Finally, though the topic would require further information than is impossible to describe herein, inflation is a direct cause of economic cycles and periodic failures afflicting our society. Whoever has primary access to newly printed money is able to make investments and start businesses that, without such funds, they would not normally be able to launch. It, therefore, generates a temporary euphoria in the market, a sudden increase in wages and billing for related start up activities. But after the inflationary process has been completed, we realize the “uneconomic” nature of these new businesses which suddenly find themselves unable to grow profitably, as crisis and unemployment hit society hard.
So is printing money and inflation always wrong? Basically yes, at least not as good as they seems for structural benefits.
The speed of finding funds can justify the printing of money only in extraordinary cases where socially indispensable intervention is incompatible with traditional tax collection. We might think, for instance, about what happens with wars or, to be more relevant to today, what happens when pandemics hit societies hard. But, in any event, printing money can solve urgent and time-limited problems, such as the maintenance of a health system that must be quickly strengthened to cope with an emergency. Considering printing money to save an economy, as a whole, to resolve a deeper crisis embracing all of civil society is a serious mistake. This is true both for the side effects that we have listed and because it is unable to resolve the situation. It is only able to postpone the problem to later generations. And this leads to even worse crises in the future.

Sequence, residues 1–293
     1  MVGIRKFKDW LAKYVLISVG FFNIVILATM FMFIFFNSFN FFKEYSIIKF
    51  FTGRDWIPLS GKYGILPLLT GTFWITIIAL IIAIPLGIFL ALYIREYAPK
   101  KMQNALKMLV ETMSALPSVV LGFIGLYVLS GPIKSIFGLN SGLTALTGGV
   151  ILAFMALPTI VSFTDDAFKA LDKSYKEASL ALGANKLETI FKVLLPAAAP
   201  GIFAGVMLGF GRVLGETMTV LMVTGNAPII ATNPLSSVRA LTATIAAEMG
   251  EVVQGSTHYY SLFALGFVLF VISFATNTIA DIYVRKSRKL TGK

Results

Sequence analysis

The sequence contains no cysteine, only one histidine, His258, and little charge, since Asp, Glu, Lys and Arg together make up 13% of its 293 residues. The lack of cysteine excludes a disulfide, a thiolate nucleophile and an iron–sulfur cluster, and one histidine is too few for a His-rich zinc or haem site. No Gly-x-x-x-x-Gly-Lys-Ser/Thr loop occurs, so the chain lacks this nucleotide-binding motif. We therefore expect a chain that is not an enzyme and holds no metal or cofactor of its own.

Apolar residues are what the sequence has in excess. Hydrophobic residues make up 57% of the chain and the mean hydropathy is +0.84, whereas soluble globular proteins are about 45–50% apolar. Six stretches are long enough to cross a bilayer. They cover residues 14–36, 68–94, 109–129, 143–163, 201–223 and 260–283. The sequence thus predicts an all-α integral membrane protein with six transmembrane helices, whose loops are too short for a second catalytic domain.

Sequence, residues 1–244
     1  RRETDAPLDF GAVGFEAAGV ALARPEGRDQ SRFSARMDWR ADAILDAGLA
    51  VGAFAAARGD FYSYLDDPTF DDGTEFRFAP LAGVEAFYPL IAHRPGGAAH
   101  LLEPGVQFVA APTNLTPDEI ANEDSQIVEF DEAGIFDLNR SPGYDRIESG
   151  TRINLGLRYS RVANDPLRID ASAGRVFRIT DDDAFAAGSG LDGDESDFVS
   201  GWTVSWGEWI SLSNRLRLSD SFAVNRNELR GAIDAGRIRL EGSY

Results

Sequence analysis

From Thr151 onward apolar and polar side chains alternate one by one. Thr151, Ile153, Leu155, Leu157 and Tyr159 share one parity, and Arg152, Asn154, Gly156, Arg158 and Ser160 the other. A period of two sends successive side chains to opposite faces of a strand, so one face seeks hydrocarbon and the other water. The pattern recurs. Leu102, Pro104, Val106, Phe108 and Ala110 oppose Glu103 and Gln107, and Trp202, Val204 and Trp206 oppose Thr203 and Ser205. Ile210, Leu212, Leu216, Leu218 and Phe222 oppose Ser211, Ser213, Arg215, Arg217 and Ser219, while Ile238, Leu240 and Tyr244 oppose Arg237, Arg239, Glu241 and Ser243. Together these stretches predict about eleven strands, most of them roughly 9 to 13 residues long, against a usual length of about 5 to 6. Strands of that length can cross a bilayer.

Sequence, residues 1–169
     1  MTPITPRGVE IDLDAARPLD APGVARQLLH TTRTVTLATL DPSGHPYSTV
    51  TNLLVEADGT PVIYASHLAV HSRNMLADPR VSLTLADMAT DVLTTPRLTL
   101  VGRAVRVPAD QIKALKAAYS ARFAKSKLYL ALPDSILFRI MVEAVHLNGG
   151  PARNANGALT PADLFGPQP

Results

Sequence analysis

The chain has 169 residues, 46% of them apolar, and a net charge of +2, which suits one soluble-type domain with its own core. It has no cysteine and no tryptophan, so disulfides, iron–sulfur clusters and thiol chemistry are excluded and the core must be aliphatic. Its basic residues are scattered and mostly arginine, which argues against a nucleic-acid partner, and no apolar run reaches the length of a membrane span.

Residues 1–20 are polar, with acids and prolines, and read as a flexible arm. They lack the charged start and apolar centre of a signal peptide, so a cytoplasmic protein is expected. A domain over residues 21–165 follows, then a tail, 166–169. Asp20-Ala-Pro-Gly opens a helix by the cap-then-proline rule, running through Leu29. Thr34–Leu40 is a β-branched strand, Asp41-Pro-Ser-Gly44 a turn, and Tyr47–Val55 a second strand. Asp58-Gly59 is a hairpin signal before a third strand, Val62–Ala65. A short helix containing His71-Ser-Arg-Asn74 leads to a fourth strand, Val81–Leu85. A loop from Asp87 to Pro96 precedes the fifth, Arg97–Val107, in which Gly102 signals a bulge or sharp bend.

We conclude with some ethical notes from theologians who have preceded us. When Catholic thought was embodied by theologians and confessors of the Late Scholastic period, it found itself facing "capitalist" social and economic situations (in which saving and investment played a fundamental role for development of economic production), they studied usury without denying its condemnatory nature. They recognized the presence of extrinsic notions which justified the application of interests: lucrum cessans (loss of profit) and damnum emergens (sustained loss). In other words, if lending money required a sacrifice linked to the inability to use that sum for other productive purposes, then the repayment of the loan itself could imply a "premium", a surplus interest beyond the loaned capital.
Applying these criteria, back in the 1940’s historian, theologian and economist, Bernard Dempsey S.J (1903-1960) defined the society in which he lived as one of "institutional usury". This is to say, the economic system, specifically the banking model set up as a system in which loans and mortgages do not provide for any damnum emergens, were based on money created for ends in which no sacrifices were imposed on lenders. By definition they are, thus, “loan sharks.” Hence Dempey’s economic thought sustained the concept of institutional usury. It was one that deeply permeates our economic system and which destroys the ability of people to collaborate profitably for the common good.